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I am confused because you say they were your in laws and then refer to your stepsisters.
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Happyjack,
Your post brought tears to my eyes....
I have been cleaning out my parents house going on 2 years. Another year was just an endless number of contractors after two radiators burst.
My sister lives in another state and she has my Mom with her so I can finish the house (really it is so I can do all the hard work and she doesn't have to deal with the painful emotions). I am so tired of the responsibility and I don't know if it will ever end.
It is odd that a house that moves me to tears of sadness from bad memories can also feel like a place I want to be at the same time.
I have promised my daughter that I will NEVER do this to her. I have a one year plan and I am going to have my parents house sold and my house cleaned out of the junk that accumulates on its own....ok I am a bit of a holder on to things like every dance costume and prom dress my daughter wore...and her baby swing and crib, (hoarder) and get my financial affairs, health insurance, trust, et al, in one binder and hand it over to my daughter. It will be a weight lifting moment!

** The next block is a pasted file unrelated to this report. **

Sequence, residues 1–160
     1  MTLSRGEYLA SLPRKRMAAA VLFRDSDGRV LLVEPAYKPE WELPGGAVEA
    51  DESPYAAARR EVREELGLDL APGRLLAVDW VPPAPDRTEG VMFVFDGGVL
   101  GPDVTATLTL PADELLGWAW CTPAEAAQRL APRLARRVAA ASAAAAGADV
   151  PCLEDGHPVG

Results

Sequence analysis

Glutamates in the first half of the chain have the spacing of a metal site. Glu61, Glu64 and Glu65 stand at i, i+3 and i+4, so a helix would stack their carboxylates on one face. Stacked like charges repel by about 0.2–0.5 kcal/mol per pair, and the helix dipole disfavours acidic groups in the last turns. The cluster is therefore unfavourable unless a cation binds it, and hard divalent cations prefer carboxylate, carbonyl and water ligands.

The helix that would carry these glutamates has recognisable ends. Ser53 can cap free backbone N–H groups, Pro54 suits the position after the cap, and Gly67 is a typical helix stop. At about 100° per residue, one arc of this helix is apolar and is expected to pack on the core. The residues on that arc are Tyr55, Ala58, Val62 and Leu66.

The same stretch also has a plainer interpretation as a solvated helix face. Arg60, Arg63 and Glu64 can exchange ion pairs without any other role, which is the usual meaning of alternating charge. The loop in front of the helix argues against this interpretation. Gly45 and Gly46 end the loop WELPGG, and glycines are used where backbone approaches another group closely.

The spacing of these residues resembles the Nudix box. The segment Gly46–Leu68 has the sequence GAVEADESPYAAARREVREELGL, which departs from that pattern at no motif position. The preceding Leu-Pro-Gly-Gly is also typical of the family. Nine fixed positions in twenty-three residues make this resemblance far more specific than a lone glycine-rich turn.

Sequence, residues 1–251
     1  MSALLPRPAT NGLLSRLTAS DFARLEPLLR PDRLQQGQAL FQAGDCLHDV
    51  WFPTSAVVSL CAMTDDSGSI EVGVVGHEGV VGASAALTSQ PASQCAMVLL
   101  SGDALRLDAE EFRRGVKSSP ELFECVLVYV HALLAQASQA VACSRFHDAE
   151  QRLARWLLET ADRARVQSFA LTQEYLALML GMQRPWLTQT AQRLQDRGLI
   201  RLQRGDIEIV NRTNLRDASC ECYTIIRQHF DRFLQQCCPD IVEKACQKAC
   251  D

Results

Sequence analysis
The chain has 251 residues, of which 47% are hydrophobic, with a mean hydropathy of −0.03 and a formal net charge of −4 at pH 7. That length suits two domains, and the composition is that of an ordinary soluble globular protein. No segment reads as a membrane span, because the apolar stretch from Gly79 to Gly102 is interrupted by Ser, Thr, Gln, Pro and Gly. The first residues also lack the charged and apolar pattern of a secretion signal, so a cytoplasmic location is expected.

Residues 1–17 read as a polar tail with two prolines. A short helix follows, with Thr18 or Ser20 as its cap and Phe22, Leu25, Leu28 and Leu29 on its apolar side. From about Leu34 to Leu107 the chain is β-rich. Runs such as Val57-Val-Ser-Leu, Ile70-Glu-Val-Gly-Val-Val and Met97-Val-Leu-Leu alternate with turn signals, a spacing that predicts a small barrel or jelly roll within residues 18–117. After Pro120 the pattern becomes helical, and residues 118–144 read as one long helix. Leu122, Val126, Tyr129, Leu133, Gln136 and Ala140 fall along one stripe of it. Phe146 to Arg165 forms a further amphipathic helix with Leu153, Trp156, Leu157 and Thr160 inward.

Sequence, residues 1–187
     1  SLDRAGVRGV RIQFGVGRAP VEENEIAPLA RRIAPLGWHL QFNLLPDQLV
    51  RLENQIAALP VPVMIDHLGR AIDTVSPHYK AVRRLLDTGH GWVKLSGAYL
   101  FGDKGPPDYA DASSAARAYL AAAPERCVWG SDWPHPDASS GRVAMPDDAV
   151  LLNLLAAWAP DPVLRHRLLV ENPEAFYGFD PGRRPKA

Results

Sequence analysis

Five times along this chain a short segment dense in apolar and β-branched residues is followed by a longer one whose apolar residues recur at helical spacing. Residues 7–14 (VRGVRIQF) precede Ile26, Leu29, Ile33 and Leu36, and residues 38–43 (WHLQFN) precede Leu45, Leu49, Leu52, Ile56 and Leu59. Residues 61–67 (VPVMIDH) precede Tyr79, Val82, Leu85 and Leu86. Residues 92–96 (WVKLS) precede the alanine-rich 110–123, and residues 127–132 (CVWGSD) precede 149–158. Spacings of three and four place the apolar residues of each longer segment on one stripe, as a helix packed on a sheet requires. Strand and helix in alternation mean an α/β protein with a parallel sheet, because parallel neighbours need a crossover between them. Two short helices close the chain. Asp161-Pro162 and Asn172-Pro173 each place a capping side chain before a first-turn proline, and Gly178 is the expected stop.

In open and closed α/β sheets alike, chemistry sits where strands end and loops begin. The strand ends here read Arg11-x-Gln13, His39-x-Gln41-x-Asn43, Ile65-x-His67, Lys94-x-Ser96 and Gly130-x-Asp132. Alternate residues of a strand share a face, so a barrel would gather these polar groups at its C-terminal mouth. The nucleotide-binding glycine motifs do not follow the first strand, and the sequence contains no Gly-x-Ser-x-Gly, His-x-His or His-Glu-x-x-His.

My Dad was a vet so the AmVets are frequent visitors to the house. They will take just about anything and the money goes to the vets. They pick up so it saves me a lot of trips!
I ask people all the time, do you want a piece of Westmoreland glass or Blenko glass, how about some huge hideous lamps!
I am sorry you are going through this process and your post has helped me because I don't feel so horribly alone and the suggestions were great.
I am considering starting a service that can help others who are facing a house full of someone else's stuff. It will be a free service more like a support group. Being alone is terrifying and overwhelming.
Hang in there and take a look around, you have one SO MUCH work!